Take the child with you if you answer the phone at bath time.
Diaper buckets should have a firm lid and be stored up high.
Indoor spas should have a lockable door and be emptied immediately after
use. Outdoor spas should be fenced the same as swimming pools.
Empty paddling pools immediately after use.
Cover post holes or trenches during building.
Cover outdoor ponds with a fixed grill.
After heavy rain, check your yard and empty any rain that collects in containers.
Remember that flotation aids are not lifesaving devices. Stay with your
child when swimming in the pool.
Learn how to give resuscitation or take a refresher course. In an emergency,
take the child to the phone and call the ambulance. Directions will be
given to you over the phone.
Kayack safety provided by The
When visiting, ask about any drowning hazards. Many children have drowned
at friends' homes because their parents didn't know there was a pool, spa
or pond on the property.
In any but the most benign conditions,
A kayak or canoe in good, serviceable condition, with plenty of secure
buoyancy, fore and aft
A spraycover that fits your boat
A personal flotation device and whistle
Clothing suitable for the conditions
A bailer or pump
An accessible spare paddle, min. of 1 per group
The author of this information also suggests that hypothermia is
the biggest threat to new kayackers - so please read the information on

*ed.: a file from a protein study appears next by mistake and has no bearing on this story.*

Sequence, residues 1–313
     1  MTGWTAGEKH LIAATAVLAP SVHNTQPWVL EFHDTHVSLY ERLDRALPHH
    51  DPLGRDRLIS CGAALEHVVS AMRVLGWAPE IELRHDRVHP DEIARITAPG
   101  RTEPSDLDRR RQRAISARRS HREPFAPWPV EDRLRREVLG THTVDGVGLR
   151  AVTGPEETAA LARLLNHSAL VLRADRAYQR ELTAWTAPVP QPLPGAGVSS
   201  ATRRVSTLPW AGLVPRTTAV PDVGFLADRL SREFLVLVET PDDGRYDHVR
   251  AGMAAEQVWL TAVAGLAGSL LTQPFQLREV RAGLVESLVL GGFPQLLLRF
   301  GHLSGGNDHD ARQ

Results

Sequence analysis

that as well!
an accessible flare pack
a flashlight, (even if you are only planning a daytime trip)
self rescue aids
rain gear, and extra clothing in a waterproof bag
a minimum of 25 feet of tow line
charts and tide tables, current tables if appropriate
matches or a lighter
first aid kit
a weather radio
This section is provided by Water
Rescue Safety Basics
The information provided here may seem a bit
technical - but it all adds up to the same thing. If you are camping and
heavy rain forces you to leave - do not attempt to cross waterways with
heavy drainage. You may cross with no problem, you may be seen on the local
news being rescued from your vehicle, and your body may make the local
news as it is dragged from a creek 20 miles downstream.
Each gallon of water weighs about 8 pounds. A cubic foot of water weighs
Water wicks heat away from our bodies 25 times faster than air. Without
thermal protection, a person in water with a temperature of 70 degrees
Fahrenheit can become hypothermic in five minutes or less.
Hypothermia affects victims and rescuers alike robbing their ability to
think clearly and reducing strength, coordination and stamina. The effects
are more pronounced in colder water, combined with wind chill and cold
air temperatures, and by the amount of exertion required by rescuers and
At 3 miles per hour, one cubic foot of water exerts approximately
17 pounds per square inch of force on our legs and 34 pounds per square
inch on our bodies. At 6 mph, the force water exerts almost quadruples
to 67 pounds per square inch on our legs and 134 pounds per square inch
on our bodies.
One foot of water can displace approximately 1,500 pounds of vehicle weight.
In moving water, this force plus the buoyancy of vehicles explains why